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Video: Press Conference - Portland National Day of Action to Resist Foreclosure

Press Conference held in North East Portland as part of a National Day of Action to Resist Foreclosure.

Portland Oregon National Day of Action to Resist Foreclosure
The event was organized by We Are Oregon Speakers include two homeowners whose families are facing eviction; a representative from Occupy Portland; a Catholic priest from a neighborhood church; and a neighbor of the family where the Conference was being held.

From the statement by Occupy Portland:
"Unsettle Portland is a grassroots organization, and a local affiliate of the Take Back the Land movement, dedicated to community control of land and housing.
We are here as part of the evolution of Occupy Wall Street as it shifts into supporting the people who are on the front lines of the premeditated mortgage crisis. People who are facing imminent eviction, even as thousands of houses remain empty in every major city."


Corrrection 07.Dec.2011 07:51

Jim

Just this morning realized that I erred in the write up for this article.

Though I believe that Unsettle Portland might be affiliated with Occupy Portland, it was incorrect to say that one of the speakers was representing Occupy Portland. I meant to identify that speaker as representing Unsettle Portland.

The statement at the end of the write up should have also be quoting Unsettle Portland.

My apologies..............

Pre-Occupy 07.Dec.2011 16:28

A Foreclosure that is waiting to happen

Pre-Occupy.

The writing is on the wall: An 18-unit foreclosure that is waiting to happen, all at the expense of the Richmond neighborhood.

The new face of foreclosure is life-style-identification.

Green Light Cooperative recently purchased the Waverly Commons in the Richmond neighborhood, 3550 S.E. Woodward Street. Waverly Commons, formerly housing a nonprofit children's service organization (Trillium), will be demolished. In its place will be 18 new homes targeting young families living in Southeast Portland who don't want to live in older homes but want to live in a central location.

Price for these new homes? $485,000 to $550,000.

Mark Desbrow, 32, father of one with another on the way, of Green Light Cooperative has a vision for Waverly Commons: "Wouldn't it be cool to have a new home and live in a community of people who are interested in and have a similar view for parenting and living?"

Desbrow was formerly with Opus Northwest, a development that has been having financial difficulties lately. Another development that is being spearheaded by Green Light Cooperative is Sheldon Apartments in Northwest, which is targeting life-style-identified seniors, another pricey endeavor.

See  link to www.oregonlive.com

Please remember that, while foreclosures are tragic, they don't just affect the families involved. They affect the entire community.

While foreclosed homes sit on the market -- unoccupied and bank-owned -- most of the time property taxes are NOT being collected on those homes. In a short sale, the homeseller will be paying property taxes at the time of sale and such property taxes will be deducted from the sale price. In the case of foreclosures, the property taxes are paid by the new homeowner upon the sale of the home. If the foreclosed home is vacant and languishes for many months, no property taxes are being collected. The home's asking sale price then necessarily must increase because the home buyer will have to assume the cost of delinquent property taxes. That is part of the reason why responsible, currently rent-paying tenants with simple lifestyles and good credit histories are not able to purchase foreclosured properties. When all the "delinquencies" are added up that must be assumed by the new homeowner, the home starts to cost pretty close to what the foreclosing previous owner paid for the home -- which is why the foreclosing owner is in foreclosure in the first place. Hence, high-priced "foreclosures" in working class neighborhoods.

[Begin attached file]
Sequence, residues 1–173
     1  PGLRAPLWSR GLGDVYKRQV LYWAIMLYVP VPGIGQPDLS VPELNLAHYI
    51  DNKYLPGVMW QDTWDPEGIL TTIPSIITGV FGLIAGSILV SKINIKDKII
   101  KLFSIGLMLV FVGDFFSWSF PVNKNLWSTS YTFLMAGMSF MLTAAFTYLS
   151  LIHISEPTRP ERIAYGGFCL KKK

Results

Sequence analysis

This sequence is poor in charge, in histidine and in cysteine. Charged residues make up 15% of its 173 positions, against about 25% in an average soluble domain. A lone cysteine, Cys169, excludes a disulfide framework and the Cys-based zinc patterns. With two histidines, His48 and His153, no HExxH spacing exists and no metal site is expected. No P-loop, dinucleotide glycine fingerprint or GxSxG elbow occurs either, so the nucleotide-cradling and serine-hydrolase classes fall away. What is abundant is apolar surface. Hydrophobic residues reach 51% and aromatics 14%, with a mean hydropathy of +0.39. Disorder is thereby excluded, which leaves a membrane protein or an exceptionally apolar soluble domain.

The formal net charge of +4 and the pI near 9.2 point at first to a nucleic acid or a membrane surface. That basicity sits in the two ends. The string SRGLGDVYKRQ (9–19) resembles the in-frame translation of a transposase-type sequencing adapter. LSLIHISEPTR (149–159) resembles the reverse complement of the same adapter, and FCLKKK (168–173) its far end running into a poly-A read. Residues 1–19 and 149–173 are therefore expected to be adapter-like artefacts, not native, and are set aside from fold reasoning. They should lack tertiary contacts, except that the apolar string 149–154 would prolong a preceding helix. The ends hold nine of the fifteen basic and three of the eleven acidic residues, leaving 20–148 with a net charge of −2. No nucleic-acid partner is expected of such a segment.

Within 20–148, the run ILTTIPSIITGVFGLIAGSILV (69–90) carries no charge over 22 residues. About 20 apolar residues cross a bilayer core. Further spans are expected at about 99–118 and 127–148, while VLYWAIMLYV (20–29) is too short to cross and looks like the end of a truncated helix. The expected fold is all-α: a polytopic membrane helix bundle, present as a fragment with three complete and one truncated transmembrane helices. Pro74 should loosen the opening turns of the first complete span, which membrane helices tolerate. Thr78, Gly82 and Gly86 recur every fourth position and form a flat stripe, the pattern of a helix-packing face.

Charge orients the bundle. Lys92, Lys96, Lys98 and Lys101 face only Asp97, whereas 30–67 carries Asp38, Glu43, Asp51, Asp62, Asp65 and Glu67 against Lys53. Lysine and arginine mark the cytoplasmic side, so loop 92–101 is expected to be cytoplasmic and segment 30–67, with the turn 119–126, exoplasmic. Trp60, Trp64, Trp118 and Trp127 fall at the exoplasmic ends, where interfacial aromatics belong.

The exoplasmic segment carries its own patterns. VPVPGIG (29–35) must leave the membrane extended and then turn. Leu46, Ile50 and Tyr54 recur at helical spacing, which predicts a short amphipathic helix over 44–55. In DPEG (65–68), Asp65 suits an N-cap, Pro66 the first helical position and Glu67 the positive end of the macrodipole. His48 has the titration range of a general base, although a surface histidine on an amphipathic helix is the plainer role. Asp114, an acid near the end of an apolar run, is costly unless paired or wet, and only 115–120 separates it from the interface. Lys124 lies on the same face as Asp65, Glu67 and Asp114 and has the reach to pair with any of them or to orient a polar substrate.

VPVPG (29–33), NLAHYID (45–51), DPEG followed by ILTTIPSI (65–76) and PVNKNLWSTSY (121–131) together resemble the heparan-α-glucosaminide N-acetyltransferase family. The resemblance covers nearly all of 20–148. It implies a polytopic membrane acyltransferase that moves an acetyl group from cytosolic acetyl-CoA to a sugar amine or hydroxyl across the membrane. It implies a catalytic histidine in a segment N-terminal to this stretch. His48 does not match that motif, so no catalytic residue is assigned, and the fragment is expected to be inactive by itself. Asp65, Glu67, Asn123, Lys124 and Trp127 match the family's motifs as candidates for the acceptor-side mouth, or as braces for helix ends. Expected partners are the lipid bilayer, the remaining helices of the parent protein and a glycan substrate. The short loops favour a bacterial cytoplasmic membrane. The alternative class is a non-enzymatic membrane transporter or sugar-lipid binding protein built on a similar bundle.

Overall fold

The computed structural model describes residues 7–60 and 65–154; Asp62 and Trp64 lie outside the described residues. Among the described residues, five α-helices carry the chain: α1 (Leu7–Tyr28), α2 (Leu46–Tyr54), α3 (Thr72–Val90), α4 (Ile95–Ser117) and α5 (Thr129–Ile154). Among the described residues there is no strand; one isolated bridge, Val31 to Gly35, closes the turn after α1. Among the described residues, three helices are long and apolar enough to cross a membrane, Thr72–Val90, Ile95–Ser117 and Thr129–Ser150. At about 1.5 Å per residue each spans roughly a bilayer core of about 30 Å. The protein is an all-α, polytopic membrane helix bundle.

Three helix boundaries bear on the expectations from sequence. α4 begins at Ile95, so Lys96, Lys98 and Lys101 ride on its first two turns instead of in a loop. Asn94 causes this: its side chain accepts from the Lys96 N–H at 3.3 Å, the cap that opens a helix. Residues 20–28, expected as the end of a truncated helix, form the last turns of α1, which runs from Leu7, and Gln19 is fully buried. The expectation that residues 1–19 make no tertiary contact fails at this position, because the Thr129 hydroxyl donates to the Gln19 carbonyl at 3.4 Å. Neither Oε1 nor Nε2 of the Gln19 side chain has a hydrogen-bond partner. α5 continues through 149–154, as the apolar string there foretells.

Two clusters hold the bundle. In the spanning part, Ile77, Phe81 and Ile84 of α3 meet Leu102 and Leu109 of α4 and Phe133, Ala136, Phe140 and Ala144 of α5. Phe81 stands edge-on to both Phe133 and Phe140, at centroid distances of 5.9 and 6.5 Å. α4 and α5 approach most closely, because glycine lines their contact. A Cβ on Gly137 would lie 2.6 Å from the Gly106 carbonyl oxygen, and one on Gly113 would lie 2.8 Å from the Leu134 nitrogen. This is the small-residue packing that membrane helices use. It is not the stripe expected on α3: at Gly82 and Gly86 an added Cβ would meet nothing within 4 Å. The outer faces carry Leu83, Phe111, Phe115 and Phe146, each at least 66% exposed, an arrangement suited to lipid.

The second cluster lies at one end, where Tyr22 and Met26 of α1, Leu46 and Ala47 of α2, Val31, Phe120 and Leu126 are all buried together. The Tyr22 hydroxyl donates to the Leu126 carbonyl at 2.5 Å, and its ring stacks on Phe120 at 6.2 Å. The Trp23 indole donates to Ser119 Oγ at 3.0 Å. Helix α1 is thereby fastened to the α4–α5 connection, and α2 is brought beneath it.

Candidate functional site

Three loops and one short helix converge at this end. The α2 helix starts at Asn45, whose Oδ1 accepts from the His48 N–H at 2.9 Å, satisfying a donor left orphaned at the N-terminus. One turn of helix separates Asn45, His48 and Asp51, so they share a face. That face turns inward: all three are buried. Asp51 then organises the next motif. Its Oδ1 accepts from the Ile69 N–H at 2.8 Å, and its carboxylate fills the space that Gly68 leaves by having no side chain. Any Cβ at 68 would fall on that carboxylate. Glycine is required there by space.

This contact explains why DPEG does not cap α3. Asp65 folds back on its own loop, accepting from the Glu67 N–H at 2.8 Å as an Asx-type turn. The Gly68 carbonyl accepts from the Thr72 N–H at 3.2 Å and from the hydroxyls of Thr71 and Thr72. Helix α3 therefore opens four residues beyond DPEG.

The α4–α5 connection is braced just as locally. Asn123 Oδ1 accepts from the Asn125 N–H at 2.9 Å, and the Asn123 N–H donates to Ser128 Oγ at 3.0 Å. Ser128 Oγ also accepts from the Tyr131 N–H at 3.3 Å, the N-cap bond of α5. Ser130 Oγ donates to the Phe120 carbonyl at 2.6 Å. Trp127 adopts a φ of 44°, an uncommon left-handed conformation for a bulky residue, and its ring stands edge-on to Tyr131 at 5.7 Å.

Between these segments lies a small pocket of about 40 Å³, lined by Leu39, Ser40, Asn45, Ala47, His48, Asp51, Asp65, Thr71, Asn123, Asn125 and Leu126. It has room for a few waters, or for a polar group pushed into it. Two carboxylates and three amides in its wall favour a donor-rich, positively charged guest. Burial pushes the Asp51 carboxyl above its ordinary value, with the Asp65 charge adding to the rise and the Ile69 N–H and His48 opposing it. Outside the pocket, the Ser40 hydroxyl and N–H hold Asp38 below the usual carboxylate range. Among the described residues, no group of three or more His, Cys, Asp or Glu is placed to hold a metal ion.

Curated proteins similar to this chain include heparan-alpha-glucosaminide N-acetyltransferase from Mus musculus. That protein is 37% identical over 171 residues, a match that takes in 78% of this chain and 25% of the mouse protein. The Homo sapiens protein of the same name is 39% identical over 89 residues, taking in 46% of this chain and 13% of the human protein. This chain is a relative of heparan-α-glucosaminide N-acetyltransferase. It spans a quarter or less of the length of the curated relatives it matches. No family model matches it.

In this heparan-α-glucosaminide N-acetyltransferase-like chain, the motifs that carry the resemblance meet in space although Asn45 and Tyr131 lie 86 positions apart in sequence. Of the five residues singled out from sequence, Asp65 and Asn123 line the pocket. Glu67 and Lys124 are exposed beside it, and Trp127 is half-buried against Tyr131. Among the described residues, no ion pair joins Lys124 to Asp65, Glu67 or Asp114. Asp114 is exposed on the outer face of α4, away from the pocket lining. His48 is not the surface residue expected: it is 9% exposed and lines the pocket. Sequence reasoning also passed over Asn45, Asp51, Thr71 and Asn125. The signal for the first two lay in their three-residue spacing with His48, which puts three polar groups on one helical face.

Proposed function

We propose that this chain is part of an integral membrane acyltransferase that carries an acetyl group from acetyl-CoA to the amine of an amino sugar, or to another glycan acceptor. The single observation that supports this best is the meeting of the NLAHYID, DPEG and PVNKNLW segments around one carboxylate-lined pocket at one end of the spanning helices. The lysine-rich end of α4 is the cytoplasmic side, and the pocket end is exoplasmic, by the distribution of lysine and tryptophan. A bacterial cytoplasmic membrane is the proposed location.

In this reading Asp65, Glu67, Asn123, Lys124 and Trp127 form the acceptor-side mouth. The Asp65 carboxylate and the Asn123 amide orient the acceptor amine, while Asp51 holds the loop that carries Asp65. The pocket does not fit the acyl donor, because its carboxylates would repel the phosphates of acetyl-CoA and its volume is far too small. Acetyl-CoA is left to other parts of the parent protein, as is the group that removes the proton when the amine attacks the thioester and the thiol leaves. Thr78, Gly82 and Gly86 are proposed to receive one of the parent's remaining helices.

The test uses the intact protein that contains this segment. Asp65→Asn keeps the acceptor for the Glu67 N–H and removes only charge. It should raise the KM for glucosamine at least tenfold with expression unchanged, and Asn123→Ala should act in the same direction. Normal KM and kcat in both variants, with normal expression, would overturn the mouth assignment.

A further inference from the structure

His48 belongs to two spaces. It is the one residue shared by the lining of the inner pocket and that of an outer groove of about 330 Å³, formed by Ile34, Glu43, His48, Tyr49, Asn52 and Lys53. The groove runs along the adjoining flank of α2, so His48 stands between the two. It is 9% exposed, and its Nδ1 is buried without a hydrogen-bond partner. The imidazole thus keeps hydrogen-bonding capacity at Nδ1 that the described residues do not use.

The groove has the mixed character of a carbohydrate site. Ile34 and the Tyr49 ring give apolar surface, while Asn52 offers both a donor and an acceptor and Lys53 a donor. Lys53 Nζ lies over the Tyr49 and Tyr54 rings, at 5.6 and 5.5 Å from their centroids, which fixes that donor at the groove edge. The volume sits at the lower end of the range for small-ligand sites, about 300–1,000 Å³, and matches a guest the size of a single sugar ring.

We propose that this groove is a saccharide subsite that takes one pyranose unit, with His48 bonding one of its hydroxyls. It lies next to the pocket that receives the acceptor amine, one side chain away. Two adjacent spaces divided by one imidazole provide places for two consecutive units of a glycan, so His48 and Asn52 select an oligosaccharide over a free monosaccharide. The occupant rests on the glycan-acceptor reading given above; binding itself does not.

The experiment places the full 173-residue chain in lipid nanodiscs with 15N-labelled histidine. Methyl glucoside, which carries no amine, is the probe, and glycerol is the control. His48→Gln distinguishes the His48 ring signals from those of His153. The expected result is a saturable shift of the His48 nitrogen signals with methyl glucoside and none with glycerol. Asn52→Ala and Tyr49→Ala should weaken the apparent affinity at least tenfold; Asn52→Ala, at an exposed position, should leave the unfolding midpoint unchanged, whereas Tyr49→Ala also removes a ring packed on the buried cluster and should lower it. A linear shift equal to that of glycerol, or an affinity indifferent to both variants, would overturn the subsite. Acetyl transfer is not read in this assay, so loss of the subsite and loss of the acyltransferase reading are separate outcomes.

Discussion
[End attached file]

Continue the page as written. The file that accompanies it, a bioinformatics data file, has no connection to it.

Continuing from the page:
Services that depend on property taxes -- schools, libraries, food stamps, WIC -- then get cut, unless additional taxes and fees get imposed, most often on the labor of the working class (now working poor).

Be proactive. Pre-Occupy. Support the Richmond Neighborhood as they oppose the Waverly Commons development and any other unsustainable developments in other communities. Beware of the "commune/cooperative living opportunities" that are tendered by for-profit individuals and their corporations preying on the life-style-identified and profiting from the resulting urban blight that destroy working class neighborhoods.

Subsidized Housing for People Making $97,200 07.Dec.2011 21:01

At Headwaters Apartments in Multnomah Village

I did you not....

The City of Portland spent $14.7 million to build Headwaters Apartments in quaint Multnomah Village with access to sought-after schools, a grocery store and a busline.

Who lives in these apartments? People making $97,200 annually.

How much property tax is generated from these apartments? 0. It is subsidized housing for "middle income" people.

How much property tax could be generated from the property? $100,000 annually.

See  link to www.oregonlive.com

Pity the Renter! 07.Dec.2011 21:27

A Renter

Maybe renters having a hard time finding a home or just fed up with paying rent can "share" the home of the foreclosure victims? Co-housing anyone?

See  http://www.portlandonline.com/fish/index.cfm?a=377082

This week's Willamette Weekly: "Renter's Hell: Portlanders pay a steep price in the nation's toughest rental market," by Hannah Hoffman.

Why is the rental market so tough if there are so many vacant homes in Portland that have been foreclosed upon? Let the renters take over the foreclosed, vacant homes. Our "rent" could be payment of the property taxes due on the property. (Most properties average approximately $200.00 a month in property taxes.)